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Leeds pharmacy partners with technology company to test barcode system that will track medicines

A barcode system that can be used to track a medicine along the entire supply chain from manufacture to a patient’s home is being piloted by a Leeds community pharmacist and a technology company in a €1.5m research project.

As part of the research, the technology is also being developed to allow patients to scan their medicine using a smartphone and link to a video tutorial about the product.

Some 10,000 products will be over-labelled with a traceable 2D barcode, and 50 patients with chronic conditions such as asthma and diabetes will be recruited by Medichem pharmacy in Leeds to pilot the system starting in June 2014.

Community pharmacist Rajeev Dhand, who has a share in seven pharmacies in Leeds and the surrounding area, said the barcoding could transform the product recall system, allowing individual batches of medicines to be traced. It could also be instrumental in the battle against counterfeit medicines. He said: “It can make a real difference to healthcare.”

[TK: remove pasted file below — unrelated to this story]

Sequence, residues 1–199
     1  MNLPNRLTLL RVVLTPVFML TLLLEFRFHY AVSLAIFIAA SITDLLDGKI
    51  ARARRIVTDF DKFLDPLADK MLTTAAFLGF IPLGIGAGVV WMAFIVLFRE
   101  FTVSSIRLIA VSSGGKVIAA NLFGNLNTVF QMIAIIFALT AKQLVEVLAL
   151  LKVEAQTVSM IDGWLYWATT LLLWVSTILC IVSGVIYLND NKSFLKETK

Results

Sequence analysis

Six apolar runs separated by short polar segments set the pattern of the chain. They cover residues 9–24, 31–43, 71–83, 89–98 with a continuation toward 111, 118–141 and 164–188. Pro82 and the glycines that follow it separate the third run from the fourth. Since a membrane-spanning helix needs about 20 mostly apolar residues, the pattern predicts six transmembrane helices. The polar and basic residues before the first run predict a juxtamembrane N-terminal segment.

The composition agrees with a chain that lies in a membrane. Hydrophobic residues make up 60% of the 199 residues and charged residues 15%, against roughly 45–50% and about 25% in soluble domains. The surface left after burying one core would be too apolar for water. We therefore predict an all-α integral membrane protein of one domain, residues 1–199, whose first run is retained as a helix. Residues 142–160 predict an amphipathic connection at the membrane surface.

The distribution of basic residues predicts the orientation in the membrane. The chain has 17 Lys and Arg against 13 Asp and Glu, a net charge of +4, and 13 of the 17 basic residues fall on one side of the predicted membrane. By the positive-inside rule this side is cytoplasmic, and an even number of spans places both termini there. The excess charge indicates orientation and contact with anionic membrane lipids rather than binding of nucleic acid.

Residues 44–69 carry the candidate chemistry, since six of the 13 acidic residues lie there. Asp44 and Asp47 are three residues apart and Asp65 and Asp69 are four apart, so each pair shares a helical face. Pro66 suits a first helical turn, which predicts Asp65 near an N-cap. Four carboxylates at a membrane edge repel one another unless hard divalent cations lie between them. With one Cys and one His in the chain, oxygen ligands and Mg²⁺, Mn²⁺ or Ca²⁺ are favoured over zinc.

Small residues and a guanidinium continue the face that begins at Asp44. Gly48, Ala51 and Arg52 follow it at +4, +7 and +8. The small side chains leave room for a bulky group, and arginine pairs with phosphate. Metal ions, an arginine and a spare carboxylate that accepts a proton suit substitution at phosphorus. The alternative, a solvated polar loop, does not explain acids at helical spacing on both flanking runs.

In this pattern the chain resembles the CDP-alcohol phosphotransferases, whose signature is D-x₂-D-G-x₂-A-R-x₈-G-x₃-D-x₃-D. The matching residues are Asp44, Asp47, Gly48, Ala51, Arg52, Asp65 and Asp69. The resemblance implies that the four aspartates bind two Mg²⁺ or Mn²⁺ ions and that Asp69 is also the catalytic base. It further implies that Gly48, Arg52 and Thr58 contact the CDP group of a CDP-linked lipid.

Altaf Sadique, who is chief executive of the technology company Gane Data,  said the technology being developed will be able to provide “end batch traceability”. He said: “It is amazing that we are able to trace food from farm to fork but that we can’t do the same for pharmacy.”

The smartphone scanning functionality would enable patients using devices like inhalers or insulin pens to access videos explaining the best way to use their medicines. “Its potential is absolutely huge,” said Mr Sadique.

The Leeds research, which is part of a wider EU project, comes three years before the European Commission wants all medicines to have a unique identifier — probably a bar code — in order to make the supply chain more secure.

Citation: The Pharmaceutical Journal DOI: 10.1211/PJ.2014.11132821

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